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A Journal Not Just of Sight but . . . : A Newport Beach company expands the concept of publishing with multimedia packages that combine quality volumes with audio tape, video and CD/ROM disks.


"Anthology: Peter Max," an upcoming title from an innovative new publishing house in Newport Beach, canvases the life and work of the renowned pop artist who soared to fame in the psychedelic '60s with his kaleidoscopic style and cosmic themes.

But the book is just for starters.

Accompanying the heavily illustrated, large-format book is a videotape chronicling the past 30 years of Max's career and an audio tape in which the artist shares his insights into the creative process and imagination.

But most fascinating of all is an interactive CD/ROM in which readers at their computer terminals can examine Max's work in both "virtual" and "real-time" formats.

The virtual journey transports the reader into a gallery with a choice of hallways, each reflecting a decade or theme in Max's work. Face a particular painting, and you can use your computer mouse to call up a "curator" who provides information about the work or the era in which it was painted. Or you can call up text on the subject. Or Max himself might appear on the screen and talk to you. You can also "morf"--or blend--one painting into another.

In the "real-time" format, you can watch the artist painting in his New York City studio and select different angles to view his work-in-progress. It's sort of a day in the life of Peter Max as he works on a variety of projects--from painting to sculpting to etching. You can even watch him standing in front of a window drinking a cup of tea.


Welcome to book publishing in the '90s--at least at Donovan Publishing, a company whose goal is to combine "the best of the past, present and future."

The Peter Max package is one of a number of multimedia book packages due out from the Newport Beach company in the coming months.

"What it does is it really expands the information you're reading in the book," said publisher Paul Sumner, co-founder and CEO. "I think all people have a feeling that it would really be neat to see what's happening when they're reading about anything. What the CD/ROM does is give you an opportunity to witness in motion things that are happening in the book."

Sumner, 47, who had a major marketing success in the sports trading card industry in the late '80s with his creation of the Upper Deck Co., co-founded Donovan Publishing with his sister, Win Fiandaca, in 1990.

"When we started out, there was nobody doing this, to our knowledge," said Fiandaca, 52, the company's president. "We've now seen a few of the mainstream publishers coming out with books that have (music) CDs or tapes with them. But to our knowledge no one is developing as complete a package as we are, and certainly not with a CD/ROM."

Donovan Publishing is launching its first book this month: Buddy Ebsen's autobiography, "The Other Side of Oz." It is one of the more traditionally published books--minus the multimedia addenda--on the drawing board at Donovan. At $24.95, it also is one of the more traditionally priced.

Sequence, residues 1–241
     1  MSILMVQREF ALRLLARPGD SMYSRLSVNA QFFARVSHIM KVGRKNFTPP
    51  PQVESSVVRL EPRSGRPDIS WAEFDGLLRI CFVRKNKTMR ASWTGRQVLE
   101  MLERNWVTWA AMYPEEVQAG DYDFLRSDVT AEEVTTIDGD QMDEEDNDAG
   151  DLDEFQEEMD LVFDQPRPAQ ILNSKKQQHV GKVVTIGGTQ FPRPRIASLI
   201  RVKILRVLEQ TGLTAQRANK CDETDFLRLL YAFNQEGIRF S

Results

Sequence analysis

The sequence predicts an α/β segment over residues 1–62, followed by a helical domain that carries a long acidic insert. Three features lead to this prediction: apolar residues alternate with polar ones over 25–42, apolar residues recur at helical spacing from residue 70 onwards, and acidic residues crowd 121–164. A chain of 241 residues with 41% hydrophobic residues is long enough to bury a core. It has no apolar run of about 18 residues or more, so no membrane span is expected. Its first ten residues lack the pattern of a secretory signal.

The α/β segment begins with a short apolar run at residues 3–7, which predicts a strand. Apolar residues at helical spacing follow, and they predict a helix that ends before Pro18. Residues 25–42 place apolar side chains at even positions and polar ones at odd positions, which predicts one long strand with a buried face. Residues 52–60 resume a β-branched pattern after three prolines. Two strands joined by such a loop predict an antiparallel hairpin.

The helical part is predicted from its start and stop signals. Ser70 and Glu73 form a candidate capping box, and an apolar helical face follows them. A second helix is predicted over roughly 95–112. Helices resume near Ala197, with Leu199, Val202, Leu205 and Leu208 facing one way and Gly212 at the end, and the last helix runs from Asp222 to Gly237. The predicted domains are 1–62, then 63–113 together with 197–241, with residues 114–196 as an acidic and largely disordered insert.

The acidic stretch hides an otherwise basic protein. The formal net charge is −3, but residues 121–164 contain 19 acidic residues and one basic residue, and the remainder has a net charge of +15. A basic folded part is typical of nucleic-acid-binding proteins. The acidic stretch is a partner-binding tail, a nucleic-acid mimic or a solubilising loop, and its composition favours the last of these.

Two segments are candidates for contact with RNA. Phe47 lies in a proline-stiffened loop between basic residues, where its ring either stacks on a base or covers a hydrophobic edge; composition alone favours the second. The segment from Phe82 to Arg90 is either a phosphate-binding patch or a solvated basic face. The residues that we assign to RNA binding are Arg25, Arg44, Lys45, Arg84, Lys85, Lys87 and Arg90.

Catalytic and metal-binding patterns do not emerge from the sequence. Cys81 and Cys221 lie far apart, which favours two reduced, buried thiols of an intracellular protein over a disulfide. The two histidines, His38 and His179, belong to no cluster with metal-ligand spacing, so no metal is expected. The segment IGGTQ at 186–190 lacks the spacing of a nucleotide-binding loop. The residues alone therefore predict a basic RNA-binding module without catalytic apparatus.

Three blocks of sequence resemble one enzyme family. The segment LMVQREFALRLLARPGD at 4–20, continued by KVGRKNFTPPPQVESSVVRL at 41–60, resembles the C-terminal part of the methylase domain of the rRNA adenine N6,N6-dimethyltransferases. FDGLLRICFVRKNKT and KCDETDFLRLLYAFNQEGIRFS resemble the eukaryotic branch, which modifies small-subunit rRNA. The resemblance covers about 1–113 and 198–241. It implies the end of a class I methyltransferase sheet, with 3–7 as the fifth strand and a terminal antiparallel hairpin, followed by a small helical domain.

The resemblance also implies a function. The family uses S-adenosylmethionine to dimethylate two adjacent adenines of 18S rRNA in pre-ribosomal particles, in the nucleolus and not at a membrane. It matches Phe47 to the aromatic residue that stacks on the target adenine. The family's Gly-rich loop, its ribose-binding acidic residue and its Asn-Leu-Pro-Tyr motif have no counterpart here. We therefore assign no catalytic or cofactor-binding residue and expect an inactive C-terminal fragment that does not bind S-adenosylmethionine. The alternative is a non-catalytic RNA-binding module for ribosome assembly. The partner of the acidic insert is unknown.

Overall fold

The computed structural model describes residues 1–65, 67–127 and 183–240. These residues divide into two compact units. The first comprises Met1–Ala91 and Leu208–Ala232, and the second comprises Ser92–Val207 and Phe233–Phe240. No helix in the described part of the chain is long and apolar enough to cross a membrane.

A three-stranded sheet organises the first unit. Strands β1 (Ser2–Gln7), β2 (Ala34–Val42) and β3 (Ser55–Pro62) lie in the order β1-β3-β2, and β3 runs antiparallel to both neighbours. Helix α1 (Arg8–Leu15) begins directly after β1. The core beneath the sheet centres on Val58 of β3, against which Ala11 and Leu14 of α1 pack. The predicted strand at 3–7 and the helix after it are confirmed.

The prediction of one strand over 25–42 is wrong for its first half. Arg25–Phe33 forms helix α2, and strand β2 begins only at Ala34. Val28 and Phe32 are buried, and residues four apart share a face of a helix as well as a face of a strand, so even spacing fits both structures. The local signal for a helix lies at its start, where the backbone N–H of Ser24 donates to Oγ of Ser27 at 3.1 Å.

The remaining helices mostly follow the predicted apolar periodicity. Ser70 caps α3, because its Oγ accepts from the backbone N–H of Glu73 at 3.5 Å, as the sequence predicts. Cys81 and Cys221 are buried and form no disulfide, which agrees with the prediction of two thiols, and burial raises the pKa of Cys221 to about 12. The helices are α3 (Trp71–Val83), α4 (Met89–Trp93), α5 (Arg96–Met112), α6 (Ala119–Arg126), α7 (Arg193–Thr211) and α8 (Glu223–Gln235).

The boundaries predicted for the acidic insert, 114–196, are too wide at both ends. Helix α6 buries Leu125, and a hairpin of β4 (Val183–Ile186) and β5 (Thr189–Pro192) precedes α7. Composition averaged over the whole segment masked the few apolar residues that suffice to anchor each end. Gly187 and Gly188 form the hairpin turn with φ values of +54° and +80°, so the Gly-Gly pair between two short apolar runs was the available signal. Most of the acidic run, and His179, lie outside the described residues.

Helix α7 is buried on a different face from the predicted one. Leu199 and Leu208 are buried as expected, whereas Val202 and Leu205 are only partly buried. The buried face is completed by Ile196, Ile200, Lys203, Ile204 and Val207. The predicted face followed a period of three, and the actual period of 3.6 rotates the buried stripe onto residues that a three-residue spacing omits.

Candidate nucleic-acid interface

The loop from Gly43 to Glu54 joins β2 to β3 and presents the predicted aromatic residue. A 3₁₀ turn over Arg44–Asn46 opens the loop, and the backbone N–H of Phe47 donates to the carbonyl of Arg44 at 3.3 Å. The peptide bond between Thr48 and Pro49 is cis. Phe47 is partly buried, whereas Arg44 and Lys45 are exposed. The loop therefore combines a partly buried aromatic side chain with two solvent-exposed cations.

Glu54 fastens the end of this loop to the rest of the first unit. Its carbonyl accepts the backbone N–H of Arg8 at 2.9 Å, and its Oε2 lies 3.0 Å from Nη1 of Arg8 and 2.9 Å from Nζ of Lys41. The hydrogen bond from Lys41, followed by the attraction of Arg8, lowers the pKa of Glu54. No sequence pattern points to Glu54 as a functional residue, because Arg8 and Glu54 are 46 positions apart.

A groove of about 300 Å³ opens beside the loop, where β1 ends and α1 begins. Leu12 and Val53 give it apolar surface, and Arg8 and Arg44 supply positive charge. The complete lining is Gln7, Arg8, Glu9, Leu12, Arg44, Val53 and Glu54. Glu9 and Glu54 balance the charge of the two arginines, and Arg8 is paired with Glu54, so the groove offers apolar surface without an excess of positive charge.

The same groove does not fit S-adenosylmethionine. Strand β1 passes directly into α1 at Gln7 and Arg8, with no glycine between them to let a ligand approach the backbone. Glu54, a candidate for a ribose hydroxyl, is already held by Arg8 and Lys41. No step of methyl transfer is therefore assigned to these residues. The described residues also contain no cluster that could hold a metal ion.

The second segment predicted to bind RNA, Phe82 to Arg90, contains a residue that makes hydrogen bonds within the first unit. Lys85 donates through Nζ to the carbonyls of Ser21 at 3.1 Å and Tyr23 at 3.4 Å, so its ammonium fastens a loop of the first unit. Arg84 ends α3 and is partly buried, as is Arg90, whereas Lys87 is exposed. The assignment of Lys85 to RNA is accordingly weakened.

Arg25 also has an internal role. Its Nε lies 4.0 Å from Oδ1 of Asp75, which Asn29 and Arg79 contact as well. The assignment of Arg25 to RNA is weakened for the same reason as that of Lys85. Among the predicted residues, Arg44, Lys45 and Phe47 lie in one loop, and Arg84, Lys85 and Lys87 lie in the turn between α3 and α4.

The publishing company's emphasis, however, is on creating limited-edition multimedia book packages.

The first, due in February, is "Animation: The Art of Friz Freleng." The leather-bound book, published in a 4,000-copy limited edition, chronicles the career of the five-time Oscar-winning animation pioneer--from his days at Warner Bros. (Bugs, Porky and company) in the '30s through the Pink Panther in the '60s.

The package includes an autographed book, a videotape featuring cartoon clips and interviews, an audio tape compilation of animation highlights of the artist directing music segments, an illustrated Animator's Workbook and three new sericels created by Freleng, who is 88.

The Freleng package, complete with collection case, will retail for $1,200.

The limited edition Peter Max package, due out later this year, will include a signed 12-by-12 serigraph, with the whole works retailing for a cool $2,500.

The book packages, not surprisingly, will be sold in selected art galleries.

Despite its multimedia approach to publishing, at Donovan, the book's the thing.

The leather-bound, "packaged" books are billed as being of heirloom quality. Even the Ebsen book was printed on a high-grade coated white paper with the highest grade binding, and it contains more than 125 photographs strategically placed throughout the narrative (as opposed to traditional eight- or 10-page photo section in the middle of a book).

In creating the company, Sumner said, they wanted to "make sure that we maintained the traditional value in book publishing while we're getting the reader--or participant--involved in the other media."

Sumner has a history of innovation.

A pioneer in the application of holographic technology--he was the first to produce a "white light projection hologram" while studying at Cal State Long Beach in the early '70s--Sumner created Upper Deck in 1987 after a career in sales and marketing for various Southern California printing companies.

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